Some time back, I wrote a post about hunting down dropped packets on our network nodes. Here's a small follow up with some performance hints.
My happy glow after fixing the previous issue didn't last for long. Our network nodes had hit the next problem.
Our network nodes are virtualized for management simplicity. The hypervisor nodes have 10 Gbit interfaces, and we were regularly passing 3 - 5 Gbps through our network VMs, with no issue. We can even do parallel iperf up to ~8,5 Gbps through them, with no obvious problems.
The problem is that now and then we saw large peaks in packet amounts, and large drains on the CPUs on our network nodes. This escalated up to the point that we started dropping packets. You might be thinking, "A compromised VM DoSing something?". It wouldn't be the first time that happened. And when it happened, it did bring our network nodes on their knees.
Not this time though. Luckily we had improved our monitoring, so tracking down the source of the traffic was quite easy. It turned out to be a large Aspera data transfer over UDP, which generated ~100k packets per second. Luckily it was a friendly internal customer who did this, so we kindly asked them to rate limit while we debug.
How did math work again?
This next part took me way too long to figure out. I'll write it out in redacted form in the hopes that you can retain some respect for my mental faculties.
We had some baseline network stats from our monitoring. When we tested with iperf, a large transfer (8Gbps) could generate up to 25k packets per second. So why are we now seeing 100k? With ~1 Gbps of traffic?
So 1500 bytes / packet, 8 bits per byte, 1 Gbps. This gives 10243 /8 /1500 =~ 90k. Wait, what? We're seeing this packet rate with our maximum MTU? But How do we get 8 Gbit in 25k packets? That's means packets somewhere around 45000 bytes?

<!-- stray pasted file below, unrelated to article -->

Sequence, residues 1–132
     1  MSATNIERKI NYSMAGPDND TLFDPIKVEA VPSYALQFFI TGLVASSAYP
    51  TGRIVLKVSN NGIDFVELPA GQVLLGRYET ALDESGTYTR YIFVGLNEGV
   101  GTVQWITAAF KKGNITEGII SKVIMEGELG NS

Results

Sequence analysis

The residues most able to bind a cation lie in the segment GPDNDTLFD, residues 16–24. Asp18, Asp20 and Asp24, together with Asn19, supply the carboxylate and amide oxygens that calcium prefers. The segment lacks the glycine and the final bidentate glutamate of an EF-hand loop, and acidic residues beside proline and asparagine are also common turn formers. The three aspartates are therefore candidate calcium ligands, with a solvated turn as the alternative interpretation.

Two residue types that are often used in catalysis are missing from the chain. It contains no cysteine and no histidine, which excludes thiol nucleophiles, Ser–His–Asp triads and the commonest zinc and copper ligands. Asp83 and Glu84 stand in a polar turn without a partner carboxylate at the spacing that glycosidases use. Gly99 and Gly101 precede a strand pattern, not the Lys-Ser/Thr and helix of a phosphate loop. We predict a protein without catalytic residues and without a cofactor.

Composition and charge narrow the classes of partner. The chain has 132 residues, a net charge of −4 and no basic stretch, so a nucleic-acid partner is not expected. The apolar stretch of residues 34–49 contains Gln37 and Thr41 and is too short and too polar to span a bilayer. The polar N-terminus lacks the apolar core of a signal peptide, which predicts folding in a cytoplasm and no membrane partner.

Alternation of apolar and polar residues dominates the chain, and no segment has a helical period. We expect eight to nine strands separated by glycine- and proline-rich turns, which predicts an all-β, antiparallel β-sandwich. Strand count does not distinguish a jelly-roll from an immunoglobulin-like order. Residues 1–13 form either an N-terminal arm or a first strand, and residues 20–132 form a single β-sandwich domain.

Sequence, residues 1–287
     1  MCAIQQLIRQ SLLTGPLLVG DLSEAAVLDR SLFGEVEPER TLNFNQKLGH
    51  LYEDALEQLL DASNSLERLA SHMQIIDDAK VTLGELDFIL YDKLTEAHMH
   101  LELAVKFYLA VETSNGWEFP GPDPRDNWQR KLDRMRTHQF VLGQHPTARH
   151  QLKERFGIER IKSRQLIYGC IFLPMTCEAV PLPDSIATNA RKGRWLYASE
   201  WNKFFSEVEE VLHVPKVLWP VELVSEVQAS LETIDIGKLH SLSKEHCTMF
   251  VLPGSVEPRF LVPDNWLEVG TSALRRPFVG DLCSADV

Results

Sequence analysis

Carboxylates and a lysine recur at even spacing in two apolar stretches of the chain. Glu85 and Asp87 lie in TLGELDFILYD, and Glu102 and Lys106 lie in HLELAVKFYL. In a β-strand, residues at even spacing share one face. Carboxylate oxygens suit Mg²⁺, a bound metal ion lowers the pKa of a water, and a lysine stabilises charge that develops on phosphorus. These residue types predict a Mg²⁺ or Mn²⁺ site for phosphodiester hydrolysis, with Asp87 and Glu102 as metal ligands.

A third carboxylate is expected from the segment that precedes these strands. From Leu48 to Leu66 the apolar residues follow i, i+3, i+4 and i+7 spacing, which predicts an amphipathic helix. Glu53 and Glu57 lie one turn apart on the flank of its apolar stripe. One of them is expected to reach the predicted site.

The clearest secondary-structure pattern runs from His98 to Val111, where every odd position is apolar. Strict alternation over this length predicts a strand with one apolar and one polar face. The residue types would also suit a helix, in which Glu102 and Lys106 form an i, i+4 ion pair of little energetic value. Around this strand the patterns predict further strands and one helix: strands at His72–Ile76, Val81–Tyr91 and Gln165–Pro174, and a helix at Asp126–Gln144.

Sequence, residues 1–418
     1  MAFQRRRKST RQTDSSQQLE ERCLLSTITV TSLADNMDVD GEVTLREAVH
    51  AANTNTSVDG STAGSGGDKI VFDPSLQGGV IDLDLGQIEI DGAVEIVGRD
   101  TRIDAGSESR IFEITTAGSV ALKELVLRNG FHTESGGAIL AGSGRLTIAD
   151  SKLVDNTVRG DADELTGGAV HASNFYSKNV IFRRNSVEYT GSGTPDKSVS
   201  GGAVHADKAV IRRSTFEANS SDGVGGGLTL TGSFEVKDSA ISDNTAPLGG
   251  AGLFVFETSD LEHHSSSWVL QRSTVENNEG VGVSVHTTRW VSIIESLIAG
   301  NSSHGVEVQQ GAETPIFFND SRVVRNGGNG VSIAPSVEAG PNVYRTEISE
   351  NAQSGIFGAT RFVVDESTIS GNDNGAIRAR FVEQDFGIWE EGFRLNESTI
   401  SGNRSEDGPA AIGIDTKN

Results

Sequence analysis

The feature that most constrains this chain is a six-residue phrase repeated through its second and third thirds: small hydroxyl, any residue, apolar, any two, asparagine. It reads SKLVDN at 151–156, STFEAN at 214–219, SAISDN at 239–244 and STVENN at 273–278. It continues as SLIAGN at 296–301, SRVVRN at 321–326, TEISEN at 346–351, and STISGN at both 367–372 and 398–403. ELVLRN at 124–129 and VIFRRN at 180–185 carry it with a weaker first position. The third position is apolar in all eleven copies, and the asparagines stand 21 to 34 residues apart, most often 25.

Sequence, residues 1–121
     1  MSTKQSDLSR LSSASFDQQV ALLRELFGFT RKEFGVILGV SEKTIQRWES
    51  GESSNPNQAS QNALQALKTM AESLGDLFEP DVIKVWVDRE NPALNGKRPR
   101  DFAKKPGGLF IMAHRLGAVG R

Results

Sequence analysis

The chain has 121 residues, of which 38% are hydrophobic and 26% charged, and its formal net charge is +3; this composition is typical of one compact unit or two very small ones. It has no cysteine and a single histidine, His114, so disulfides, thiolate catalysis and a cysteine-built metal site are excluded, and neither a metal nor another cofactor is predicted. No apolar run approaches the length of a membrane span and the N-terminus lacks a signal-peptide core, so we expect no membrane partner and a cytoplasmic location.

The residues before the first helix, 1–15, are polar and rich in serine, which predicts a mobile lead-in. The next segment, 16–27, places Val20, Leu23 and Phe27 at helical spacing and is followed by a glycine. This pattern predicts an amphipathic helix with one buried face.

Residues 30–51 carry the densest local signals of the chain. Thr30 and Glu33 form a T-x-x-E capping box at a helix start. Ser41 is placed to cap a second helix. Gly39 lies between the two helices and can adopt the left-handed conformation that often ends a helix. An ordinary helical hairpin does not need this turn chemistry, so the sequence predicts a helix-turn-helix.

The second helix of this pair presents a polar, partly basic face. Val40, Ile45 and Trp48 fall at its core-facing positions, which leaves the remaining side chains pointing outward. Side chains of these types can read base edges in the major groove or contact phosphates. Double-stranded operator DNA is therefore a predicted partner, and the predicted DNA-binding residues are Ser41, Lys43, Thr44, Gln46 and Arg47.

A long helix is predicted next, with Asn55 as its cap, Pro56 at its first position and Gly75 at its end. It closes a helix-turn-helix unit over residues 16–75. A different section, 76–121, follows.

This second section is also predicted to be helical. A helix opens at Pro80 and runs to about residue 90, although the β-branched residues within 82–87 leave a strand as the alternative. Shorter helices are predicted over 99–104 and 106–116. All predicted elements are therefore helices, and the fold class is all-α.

There is this thing called General Receive Offload (GRO). I knew it existed, but I never knew what it exactly did. In short, it takes incoming packets, and if they're essentially in the same flow, it combines them into a larger packet to reduce packet handling overhead. This seems to be on by default for the virtio network driver. So when we did our iperf TCP transfer tests, GRO combined the individual 1500 byte packets to larger chucks.
However, at least on CentOS 7, virtio doesn't seem to do it for UDP. I never found a great resource on this, but it might partly be be because it can mess up the order of the packets. So this explains the discrepancy in the packet amounts with UDP and TCP transfers.
When we had large packet amounts, there was a process called ksoftirqd that was the CPU hog. There's a great blog series about the kernel networking internals. From there I learned that ksoftirqd does a lot of the packet handling, inluding the applicaiton of the netfilter rules. Now the CPU load starts making sense.
Each CPU has its own ksoftirqd process. Each interrupt is generally assigned to one CPU. There's a service called irqbalance that tries to balance these out between CPUs.
Leelo Dallas Mulitqueue
Now let's look at our interrupts.
# cat /proc/interrupts |grep virtio
11: 0 0 0 IO-APIC-fasteoi virtio4
24: 0 0 0 PCI-MSI-edge virtio0-config
25: 2715189728 409036136 2434880172 PCI-MSI-edge virtio0-input.0
26: 2 42915 10564825 PCI-MSI-edge virtio0-output.0
27: 0 0 0 PCI-MSI-edge virtio1-config